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Commencement Address at the Naval War College
Remarks as Delivered by Deputy Secretary of Defense Paul Wolfowitz, Newport, Rhode Island, Friday, June 20, 2003

Thank you, [President of the Naval War College, Rear] Admiral Rempt. Distinguished faculty, honored guests, members of the graduating class, families and friends.

What a wonderful day for a graduation! It's a shame that meteorology is not an exact science, or you could have taken this tent down and we could have enjoyed this beautiful Newport weather. But it's a great atmosphere inside here anyway.

Admiral, thank you for that warm welcome. President Johnson on one occasion received a particularly effusive introduction and he commented afterwards, saying he was just sorry that his late parents couldn't be there to hear it. He said, "My father would have been so proud. And my mother would have believed it!" [Laughter]

But today the honor is truly mine. It is a privilege to be able to join you this morning to recognize the Class of 2003 at America's oldest military graduate school.

I was also very pleased to learn that roughly half of your military officers here come from other branches of the U.S. military, which makes us I think a truly joint military graduate school. And that is particularly important in an era when we are taking jointness to unprecedented levels.

And in an era when coalition warfare is the order of the day, I was also pleased to learn that this class includes 70 international students from 58 countries around the world. I thank you because you bring an added dimension to the academic program and your attendance is a tribute to the quality of education here at the Naval War College.

It's customary in commencement speeches to say something about the dynamic world that graduates are about to enter and how that change is going to affect their lives. But that traditional message doesn't work on this occasion with this audience. You are graduating, but you are certainly not commencing. "To commence," after all, is "to begin." And when you return to your fleet or to your units you will not be beginning a brand new career. You will be going back to the noble profession to which you have chosen to dedicate your lives. But you will be going back enriched by what you've learned here and by what you will continue to learn with the tools that you've acquired here.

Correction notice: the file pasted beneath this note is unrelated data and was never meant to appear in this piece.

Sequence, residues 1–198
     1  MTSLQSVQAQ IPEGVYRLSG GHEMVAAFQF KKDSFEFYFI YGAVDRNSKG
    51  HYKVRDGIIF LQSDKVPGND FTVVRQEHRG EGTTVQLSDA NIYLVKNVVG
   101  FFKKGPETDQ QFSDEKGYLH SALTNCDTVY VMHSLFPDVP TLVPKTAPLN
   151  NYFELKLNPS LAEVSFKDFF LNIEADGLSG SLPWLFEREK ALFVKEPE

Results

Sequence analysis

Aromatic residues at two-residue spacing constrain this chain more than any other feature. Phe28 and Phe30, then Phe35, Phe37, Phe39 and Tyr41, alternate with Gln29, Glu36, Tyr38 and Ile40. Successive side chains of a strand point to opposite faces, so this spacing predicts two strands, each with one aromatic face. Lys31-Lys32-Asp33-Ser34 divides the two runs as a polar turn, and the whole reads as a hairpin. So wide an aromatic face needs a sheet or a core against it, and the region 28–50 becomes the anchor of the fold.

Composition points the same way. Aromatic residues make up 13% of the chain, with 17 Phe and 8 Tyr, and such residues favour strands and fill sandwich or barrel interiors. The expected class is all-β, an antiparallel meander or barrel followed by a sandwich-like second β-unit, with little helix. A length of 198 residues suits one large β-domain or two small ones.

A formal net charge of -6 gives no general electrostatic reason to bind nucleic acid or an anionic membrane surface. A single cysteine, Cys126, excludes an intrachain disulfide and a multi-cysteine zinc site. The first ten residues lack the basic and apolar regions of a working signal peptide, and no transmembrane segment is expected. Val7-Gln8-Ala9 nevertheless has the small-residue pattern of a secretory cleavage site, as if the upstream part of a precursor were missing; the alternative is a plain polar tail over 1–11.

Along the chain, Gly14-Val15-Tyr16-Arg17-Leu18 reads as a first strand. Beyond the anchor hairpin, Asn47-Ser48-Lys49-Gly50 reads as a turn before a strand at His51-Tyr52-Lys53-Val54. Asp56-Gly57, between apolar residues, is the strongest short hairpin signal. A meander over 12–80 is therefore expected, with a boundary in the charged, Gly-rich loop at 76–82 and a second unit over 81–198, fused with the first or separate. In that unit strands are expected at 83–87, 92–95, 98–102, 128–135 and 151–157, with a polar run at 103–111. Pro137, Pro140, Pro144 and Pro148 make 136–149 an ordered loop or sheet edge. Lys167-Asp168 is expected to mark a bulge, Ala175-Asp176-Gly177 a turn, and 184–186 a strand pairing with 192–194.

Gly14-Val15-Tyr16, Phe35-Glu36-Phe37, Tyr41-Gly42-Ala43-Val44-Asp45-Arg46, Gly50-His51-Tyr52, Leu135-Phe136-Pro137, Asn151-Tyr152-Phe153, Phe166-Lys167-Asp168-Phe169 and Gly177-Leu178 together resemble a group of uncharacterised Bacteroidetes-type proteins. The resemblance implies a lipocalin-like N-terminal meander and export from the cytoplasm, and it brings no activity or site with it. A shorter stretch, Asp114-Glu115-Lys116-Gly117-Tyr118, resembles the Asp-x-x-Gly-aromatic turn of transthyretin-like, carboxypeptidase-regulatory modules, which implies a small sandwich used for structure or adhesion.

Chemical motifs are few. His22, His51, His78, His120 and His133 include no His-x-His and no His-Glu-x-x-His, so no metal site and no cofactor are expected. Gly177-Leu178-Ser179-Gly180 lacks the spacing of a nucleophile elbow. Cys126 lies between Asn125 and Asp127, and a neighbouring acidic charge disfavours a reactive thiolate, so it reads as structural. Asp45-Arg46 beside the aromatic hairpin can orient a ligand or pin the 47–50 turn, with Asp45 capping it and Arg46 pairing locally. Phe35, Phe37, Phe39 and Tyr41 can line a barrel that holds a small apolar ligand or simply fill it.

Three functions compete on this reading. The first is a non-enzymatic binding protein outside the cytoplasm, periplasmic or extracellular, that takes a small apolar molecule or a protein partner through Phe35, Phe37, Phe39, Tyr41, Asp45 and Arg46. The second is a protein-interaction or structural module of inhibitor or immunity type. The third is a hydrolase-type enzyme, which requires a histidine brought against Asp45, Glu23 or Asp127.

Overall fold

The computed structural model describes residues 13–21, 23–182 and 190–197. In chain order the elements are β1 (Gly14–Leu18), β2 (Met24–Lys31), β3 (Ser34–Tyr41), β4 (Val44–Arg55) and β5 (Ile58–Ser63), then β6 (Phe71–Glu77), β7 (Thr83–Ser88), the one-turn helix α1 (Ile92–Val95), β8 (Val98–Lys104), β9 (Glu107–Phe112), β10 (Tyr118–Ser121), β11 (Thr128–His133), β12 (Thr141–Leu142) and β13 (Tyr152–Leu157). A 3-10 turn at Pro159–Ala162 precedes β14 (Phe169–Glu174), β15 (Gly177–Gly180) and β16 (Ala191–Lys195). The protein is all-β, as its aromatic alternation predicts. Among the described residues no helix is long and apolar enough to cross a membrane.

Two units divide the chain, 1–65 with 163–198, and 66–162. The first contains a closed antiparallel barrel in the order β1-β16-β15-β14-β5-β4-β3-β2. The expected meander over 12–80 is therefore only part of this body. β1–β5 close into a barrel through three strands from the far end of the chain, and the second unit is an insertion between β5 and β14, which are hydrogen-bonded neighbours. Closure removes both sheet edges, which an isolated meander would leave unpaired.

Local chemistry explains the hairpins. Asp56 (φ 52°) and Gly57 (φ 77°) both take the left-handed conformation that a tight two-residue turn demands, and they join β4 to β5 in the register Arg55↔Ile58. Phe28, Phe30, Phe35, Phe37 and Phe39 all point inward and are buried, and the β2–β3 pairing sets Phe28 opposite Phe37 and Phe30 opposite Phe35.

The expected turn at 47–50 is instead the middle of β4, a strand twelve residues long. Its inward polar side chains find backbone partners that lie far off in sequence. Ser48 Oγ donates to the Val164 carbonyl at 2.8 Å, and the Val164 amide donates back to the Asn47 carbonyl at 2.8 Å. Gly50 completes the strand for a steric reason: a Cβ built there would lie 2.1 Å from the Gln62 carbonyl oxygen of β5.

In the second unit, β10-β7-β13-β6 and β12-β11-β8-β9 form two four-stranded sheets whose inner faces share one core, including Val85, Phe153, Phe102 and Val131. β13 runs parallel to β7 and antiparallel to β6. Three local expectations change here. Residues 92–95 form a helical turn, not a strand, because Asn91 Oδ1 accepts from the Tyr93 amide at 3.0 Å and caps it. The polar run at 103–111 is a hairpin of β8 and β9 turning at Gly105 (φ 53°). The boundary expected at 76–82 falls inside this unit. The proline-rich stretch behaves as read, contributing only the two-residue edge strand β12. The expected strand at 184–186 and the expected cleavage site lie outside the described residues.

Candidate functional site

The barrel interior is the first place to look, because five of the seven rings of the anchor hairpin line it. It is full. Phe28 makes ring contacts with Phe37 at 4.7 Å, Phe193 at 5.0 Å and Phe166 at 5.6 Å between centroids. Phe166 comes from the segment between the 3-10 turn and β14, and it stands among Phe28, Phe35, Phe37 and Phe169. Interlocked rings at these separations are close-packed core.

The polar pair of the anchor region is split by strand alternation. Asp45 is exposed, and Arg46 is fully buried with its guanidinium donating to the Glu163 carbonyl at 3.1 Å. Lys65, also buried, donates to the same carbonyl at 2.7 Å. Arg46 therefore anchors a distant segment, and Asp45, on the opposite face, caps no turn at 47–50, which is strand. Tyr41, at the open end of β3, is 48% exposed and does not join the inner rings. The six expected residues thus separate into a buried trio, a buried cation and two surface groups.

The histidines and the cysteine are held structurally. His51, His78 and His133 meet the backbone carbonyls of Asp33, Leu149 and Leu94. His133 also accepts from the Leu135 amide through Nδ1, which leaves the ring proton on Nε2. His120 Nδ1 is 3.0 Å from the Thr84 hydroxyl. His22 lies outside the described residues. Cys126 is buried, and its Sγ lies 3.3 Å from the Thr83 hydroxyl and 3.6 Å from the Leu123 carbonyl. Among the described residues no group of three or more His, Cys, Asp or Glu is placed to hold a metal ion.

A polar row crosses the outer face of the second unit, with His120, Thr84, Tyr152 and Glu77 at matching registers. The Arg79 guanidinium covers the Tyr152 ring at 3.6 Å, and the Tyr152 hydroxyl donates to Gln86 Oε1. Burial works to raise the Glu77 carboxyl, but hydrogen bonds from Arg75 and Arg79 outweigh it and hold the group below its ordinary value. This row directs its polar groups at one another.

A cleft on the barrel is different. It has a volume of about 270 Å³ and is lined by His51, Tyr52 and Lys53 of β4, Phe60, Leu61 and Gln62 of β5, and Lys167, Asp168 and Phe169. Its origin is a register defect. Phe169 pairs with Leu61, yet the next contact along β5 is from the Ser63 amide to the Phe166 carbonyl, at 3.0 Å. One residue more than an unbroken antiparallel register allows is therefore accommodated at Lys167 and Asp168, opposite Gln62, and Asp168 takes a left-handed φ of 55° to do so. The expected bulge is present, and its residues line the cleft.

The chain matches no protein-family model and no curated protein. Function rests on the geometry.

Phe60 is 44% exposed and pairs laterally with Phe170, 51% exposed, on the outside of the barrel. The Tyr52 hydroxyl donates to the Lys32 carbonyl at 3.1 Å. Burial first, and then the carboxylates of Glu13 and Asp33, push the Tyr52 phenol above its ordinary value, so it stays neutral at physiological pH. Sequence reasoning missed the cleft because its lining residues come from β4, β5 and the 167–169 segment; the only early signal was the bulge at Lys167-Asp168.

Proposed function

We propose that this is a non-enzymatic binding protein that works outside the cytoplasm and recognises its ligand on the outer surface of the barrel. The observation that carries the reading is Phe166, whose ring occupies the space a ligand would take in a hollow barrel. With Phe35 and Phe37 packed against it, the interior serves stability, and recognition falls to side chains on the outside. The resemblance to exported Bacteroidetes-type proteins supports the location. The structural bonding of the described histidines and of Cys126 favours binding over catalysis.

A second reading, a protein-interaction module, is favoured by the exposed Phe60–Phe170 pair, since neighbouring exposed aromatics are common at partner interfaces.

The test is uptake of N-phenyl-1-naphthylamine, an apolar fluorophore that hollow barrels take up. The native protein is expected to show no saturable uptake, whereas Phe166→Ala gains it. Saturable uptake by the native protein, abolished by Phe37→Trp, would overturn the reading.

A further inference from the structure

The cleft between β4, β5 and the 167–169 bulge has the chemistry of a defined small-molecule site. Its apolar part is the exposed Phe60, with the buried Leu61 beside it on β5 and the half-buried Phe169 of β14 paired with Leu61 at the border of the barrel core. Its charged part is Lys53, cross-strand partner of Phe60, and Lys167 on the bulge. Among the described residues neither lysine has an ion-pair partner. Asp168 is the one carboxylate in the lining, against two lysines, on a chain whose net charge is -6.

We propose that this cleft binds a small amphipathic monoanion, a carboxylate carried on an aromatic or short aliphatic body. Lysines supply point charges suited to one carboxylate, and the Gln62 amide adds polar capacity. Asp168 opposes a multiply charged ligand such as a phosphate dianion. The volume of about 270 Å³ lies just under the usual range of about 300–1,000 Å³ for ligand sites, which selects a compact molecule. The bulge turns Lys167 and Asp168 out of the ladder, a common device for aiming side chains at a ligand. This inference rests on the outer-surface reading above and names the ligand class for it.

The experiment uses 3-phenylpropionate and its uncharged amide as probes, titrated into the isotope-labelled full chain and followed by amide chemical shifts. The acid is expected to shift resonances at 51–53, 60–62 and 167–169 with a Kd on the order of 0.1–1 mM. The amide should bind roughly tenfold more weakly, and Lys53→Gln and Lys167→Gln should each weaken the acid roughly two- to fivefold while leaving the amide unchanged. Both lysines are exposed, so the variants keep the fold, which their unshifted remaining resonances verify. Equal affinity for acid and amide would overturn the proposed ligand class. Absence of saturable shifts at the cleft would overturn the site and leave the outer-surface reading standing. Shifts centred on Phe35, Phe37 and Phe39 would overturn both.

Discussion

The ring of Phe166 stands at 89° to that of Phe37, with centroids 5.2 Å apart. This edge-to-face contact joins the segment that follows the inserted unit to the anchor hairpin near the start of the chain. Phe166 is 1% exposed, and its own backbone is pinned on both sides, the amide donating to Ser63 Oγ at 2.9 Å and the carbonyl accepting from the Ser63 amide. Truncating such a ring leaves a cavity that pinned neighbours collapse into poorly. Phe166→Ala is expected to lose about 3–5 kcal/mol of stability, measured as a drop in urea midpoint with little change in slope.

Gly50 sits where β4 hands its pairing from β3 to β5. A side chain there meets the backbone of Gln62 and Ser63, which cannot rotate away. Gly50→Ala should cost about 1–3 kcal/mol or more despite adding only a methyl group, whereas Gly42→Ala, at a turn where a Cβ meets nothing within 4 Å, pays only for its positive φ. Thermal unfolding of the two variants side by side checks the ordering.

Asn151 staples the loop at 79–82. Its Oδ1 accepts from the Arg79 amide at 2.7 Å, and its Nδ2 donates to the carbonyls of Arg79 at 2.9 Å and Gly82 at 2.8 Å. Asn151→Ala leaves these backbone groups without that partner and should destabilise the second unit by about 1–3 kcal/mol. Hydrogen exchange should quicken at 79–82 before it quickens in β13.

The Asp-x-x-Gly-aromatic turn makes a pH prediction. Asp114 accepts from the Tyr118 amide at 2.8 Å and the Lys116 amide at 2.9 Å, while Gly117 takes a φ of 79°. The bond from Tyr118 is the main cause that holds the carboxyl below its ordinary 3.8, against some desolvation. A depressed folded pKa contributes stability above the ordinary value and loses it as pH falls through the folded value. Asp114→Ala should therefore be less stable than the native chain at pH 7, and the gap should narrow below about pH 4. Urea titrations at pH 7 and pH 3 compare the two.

There have been dramatic changes in the world during your year at the Naval War College, particularly in the world of the military. You will be going back to operational assignments having had a chance to study those developments from a critical perspective. Your study here has prepared you to bring fresh ideas to the dynamic process of innovation that is underway in our military today.

One of the most significant elements that you observed was the battle of Iraq. I expect like many of the rest of the country you were glued to televisions for much of March and April. The battlefield -- or what we should more correctly call "the battle space" -- is the ultimate classroom for your profession and we are still learning the lessons from those crucial weeks.

But some of those lessons are already obvious, and they indicate lasting changes in the way the United States Armed Forces will operate in the future.

Some of those changes have been in the works for quite a long time. And I'm sure that many of you in this room and many here on the stage with me have contributed to those changes. But in the last year the whole world has had a chance to see what they are, and the effect has been dramatic. Thanks in part to yet another innovation, the concept of embedded reporters, the world has had a chance to see some remarkable changes in our military:

  • First has been the application of new networking and communications technologies, which has taken the integration of air and ground forces to an entirely new level and gave our soldiers and Marines on the ground nearly instantaneous access to precision air support. The presence of those brave soldiers and Marines in turn enabled our long range striking power to find targets with precision. And that, too, represents a quantum leap. Precision weapons are only good if you have precision targeting. We can now combine the two in dramatic new ways.
  • That new capability, in turn, enabled our ground forces to advance at an astonishing speed over distances far exceeding those of Desert Storm. It also made possible the use of Special Forces on a scale that would have been difficult to conceive in the past. More than 100 Special Forces A teams were deployed throughout Iraq in this conflict. And that in turn led to the disappearance of a "front" in the traditional sense, to be replaced by the concept of "battle space."
  • We also saw some remarkable organizational innovations. Who would have imagined a conventional tank unit under the command of a Special Forces lieutenant colonel? Or the first-ever combined forces land component commander integrating U.S. Army, U.S. Marine Corps and coalition forces in a single, brilliant land combat campaign?
  • And we saw revolutionary application of new technologies, such as unmanned aerial vehicles and hit-to-kill anti-missile systems.